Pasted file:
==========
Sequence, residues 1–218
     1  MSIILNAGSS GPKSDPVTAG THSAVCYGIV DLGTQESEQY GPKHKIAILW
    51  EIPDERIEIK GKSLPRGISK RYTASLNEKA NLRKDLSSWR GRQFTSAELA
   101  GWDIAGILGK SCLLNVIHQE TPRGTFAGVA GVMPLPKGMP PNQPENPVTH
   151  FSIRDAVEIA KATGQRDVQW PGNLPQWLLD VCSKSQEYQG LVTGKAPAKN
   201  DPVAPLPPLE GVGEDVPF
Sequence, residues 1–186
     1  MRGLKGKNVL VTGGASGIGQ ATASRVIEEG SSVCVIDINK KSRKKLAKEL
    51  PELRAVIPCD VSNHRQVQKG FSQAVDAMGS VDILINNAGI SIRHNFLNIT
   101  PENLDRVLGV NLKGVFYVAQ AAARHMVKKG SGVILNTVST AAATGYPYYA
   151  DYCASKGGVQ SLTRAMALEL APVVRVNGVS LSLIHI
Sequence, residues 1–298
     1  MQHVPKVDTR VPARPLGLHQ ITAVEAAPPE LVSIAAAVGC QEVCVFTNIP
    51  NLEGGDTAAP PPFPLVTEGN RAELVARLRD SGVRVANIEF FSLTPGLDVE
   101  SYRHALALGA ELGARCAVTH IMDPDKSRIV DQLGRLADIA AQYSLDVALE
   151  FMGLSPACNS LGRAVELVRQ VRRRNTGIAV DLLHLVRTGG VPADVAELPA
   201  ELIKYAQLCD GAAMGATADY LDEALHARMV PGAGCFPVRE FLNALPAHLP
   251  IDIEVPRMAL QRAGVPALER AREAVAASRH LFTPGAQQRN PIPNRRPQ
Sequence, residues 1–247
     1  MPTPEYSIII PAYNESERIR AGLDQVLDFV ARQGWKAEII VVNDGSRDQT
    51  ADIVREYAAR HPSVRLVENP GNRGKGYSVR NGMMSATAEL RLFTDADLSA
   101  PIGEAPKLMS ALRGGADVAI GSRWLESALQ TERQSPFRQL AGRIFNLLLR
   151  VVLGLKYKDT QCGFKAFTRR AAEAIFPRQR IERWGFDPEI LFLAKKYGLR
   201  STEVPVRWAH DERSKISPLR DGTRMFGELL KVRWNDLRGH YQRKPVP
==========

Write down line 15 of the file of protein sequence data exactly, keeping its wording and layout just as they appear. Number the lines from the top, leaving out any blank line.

   101  SYRHALALGA ELGARCAVTH IMDPDKSRIV DQLGRLADIA AQYSLDVALE